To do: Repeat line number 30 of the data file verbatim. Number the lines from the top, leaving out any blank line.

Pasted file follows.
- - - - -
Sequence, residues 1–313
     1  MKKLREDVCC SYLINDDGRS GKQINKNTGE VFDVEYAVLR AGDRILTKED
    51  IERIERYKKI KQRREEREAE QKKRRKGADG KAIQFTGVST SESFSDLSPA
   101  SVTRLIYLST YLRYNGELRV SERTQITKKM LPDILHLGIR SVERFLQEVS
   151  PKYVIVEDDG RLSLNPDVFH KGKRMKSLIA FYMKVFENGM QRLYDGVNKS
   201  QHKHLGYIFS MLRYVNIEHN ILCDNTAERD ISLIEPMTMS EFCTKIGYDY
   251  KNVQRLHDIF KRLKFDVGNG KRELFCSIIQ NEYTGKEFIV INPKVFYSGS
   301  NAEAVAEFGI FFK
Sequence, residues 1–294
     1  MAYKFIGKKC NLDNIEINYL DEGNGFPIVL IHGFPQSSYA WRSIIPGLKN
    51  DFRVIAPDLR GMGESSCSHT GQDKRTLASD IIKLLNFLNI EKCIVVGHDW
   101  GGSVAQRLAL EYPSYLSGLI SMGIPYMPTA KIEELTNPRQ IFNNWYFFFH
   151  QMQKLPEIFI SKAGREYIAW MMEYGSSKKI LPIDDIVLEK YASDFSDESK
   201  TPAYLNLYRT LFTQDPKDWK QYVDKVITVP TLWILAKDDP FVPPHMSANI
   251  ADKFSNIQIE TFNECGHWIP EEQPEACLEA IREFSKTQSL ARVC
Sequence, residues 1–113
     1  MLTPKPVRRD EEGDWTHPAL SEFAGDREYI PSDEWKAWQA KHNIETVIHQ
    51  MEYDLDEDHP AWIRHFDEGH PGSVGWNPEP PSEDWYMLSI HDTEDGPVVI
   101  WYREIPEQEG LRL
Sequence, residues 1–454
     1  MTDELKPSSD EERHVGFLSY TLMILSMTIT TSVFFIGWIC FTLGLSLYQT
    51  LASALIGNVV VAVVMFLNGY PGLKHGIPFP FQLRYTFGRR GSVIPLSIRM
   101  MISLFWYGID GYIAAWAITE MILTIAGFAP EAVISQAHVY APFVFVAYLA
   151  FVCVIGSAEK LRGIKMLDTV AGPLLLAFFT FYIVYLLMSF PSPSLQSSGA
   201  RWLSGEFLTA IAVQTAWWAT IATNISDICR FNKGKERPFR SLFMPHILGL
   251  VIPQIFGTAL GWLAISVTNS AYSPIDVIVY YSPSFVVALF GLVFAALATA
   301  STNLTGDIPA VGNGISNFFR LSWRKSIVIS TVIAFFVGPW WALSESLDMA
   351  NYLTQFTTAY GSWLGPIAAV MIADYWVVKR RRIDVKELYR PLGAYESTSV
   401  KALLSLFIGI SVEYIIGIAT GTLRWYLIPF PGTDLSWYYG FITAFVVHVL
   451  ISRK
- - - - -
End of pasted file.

   451  ISRK